International media mogul Conrad Black convicted of fraud

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Friday, July 13, 2007

International media mogul Conrad Black has been found guilty by the US District Court for the Northern District of Illinois in Chicago, Illinois on three charges of mail fraud and one of obstruction of justice. However, the jury did clear him of the rest of the charges. Black faces a maximum of 35 years in prison and a US$1 million fine at his sentencing, which is scheduled for November.

Cquote1.svg We think the verdict vindicates the serious public interest in making sure that when insiders in a corporation deal with money entrusted to them by the shareholders Cquote2.svg

—U.S. Attorney Patrick Fitzgerald

He was found not guilty of nine other charges including racketeering, misuse of corporate perks and tax evasion. The 13 charges were based on allegations that Black defrauded investors in his company, Chicago-based Hollinger International (now known as Sun-Times Media Group). He was accused of stealing around US$60 million from the company.

David Radler, who was the second-highest ranking officer at Hollinger at the time of the crimes, testified against Black, after admitting fraud himself. Radler testified before the court and jury, that Conrad Black had concocted a scheme where executives of Hollinger could pocket payments when selling small local newspapers that Hollinger owned, in exchange for non-compete agreements.

Black's three co-defendants and former associates (Jack Boultbee, Peter Atkinson and Mark Kipnis) were all found guilty of several counts of mail fraud.

Cquote1.svg We intend to appeal and there are viable legal issues. We vehemently disagree with the government's position on sentencing. Cquote2.svg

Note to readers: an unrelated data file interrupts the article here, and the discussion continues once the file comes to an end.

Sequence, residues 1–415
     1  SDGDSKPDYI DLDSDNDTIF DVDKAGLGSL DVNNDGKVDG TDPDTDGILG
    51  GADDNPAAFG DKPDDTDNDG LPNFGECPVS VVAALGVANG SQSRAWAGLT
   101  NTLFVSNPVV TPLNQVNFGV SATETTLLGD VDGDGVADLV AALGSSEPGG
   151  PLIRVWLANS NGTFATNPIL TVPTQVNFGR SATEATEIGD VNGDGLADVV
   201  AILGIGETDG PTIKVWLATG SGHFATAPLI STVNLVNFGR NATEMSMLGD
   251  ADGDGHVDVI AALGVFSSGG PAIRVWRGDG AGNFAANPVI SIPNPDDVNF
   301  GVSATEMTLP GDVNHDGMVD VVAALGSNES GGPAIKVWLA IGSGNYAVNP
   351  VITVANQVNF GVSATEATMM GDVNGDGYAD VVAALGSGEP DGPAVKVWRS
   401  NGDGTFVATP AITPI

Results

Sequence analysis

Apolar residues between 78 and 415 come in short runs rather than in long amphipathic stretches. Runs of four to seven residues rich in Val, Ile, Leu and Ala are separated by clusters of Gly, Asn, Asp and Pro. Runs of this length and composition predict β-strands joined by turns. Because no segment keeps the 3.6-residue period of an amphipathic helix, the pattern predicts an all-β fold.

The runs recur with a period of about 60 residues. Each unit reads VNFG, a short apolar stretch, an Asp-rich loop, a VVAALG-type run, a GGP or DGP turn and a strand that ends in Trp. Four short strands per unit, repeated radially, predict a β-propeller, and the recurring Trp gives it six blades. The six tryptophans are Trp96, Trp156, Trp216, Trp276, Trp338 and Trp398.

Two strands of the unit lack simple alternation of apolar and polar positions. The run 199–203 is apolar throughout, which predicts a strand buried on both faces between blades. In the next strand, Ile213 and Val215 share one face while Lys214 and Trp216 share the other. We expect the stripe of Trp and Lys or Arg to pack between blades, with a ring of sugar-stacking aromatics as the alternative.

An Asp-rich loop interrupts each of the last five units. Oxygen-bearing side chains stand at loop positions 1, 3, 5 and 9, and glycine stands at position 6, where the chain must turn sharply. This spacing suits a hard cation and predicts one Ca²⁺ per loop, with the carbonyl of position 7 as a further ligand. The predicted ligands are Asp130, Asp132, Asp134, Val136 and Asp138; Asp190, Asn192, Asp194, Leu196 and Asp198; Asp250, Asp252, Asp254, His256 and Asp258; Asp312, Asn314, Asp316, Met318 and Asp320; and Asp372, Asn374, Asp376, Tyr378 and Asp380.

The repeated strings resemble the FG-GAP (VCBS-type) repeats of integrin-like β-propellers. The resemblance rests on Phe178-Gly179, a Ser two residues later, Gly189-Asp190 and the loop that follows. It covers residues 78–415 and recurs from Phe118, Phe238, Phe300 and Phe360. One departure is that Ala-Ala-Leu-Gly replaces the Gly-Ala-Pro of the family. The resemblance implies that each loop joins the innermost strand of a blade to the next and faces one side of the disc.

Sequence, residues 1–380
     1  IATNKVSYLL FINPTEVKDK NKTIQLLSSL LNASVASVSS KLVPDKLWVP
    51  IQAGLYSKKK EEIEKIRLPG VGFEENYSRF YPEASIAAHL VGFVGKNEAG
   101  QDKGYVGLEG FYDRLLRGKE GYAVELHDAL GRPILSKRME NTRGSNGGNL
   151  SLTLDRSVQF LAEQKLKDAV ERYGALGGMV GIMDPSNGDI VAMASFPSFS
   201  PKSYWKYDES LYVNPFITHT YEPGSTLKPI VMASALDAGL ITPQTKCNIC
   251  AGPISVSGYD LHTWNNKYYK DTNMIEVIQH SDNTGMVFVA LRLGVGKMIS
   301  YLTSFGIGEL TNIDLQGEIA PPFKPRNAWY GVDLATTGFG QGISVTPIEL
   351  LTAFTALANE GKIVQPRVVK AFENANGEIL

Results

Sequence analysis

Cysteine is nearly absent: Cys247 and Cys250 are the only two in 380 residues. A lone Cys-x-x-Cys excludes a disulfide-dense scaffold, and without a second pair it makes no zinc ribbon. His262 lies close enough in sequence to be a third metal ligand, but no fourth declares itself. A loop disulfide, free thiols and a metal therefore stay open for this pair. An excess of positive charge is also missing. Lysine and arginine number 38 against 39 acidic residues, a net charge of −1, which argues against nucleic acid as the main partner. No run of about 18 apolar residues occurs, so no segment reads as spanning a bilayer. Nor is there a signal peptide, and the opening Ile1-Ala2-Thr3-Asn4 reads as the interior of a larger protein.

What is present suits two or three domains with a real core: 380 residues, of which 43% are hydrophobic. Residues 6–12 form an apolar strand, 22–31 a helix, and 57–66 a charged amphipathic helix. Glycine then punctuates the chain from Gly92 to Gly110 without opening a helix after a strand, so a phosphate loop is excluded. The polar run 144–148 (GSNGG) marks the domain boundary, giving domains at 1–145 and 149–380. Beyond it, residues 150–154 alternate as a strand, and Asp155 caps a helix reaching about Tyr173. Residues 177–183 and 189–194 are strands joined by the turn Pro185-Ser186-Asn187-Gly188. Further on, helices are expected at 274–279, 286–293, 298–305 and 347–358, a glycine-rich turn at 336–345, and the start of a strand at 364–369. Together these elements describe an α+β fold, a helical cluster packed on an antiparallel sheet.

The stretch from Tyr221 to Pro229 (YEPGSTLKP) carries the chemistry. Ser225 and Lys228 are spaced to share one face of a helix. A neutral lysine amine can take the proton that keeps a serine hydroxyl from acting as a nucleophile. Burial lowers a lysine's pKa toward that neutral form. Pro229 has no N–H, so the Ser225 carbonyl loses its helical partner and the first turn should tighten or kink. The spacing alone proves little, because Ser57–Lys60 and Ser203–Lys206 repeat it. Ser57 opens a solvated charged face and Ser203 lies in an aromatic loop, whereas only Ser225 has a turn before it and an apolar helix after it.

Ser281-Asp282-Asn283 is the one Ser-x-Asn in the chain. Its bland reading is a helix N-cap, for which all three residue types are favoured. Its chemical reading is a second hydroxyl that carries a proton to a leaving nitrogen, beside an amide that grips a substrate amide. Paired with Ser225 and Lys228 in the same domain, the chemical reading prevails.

—Edward Greenspan, attorney for Conrad Black

"We think the verdict vindicates the serious public interest in making sure that when insiders in a corporation deal with money entrusted to them by the shareholders, that they not engage in self-dealing, that they not break the law to benefit themselves instead of the shareholders," said U.S. Attorney Patrick Fitzgerald, who prosecuted the case.

"We intend to appeal and there are viable legal issues. We vehemently disagree with the government's position on sentencing," said Edward Greenspan, Conrad Black's attorney. "We believe, based on the conviction of the charges here, that the sentences for this type of offence are far less than what the government suggested."

"It only takes one fraud charge and the man is disgraced and finished," said Joshua Rozenberg, legal editor of Daily Telegraph, which was once owned by Hollinger International. "He is clearly facing a lengthy prison sentence."

Black was released, pending his appeal, on a US$20 million bond. He agreed to remain in the Chicago area for at least one week. Judge Amy St. Eve confiscated his passport.

Conrad Black renounced his Canadian citizenship in 2001, to become a life peer as Baron Black of Crossharbour. He is technically a United Kingdom citizen, as he is a British Lord. Even without his Canadian citizenship, Black continues to enjoy the privileges of membership in the Queen's Privy Council for Canada which Brian Mulroney gave him in 1992 which includes the use of a special diplomatic passport.

Sources

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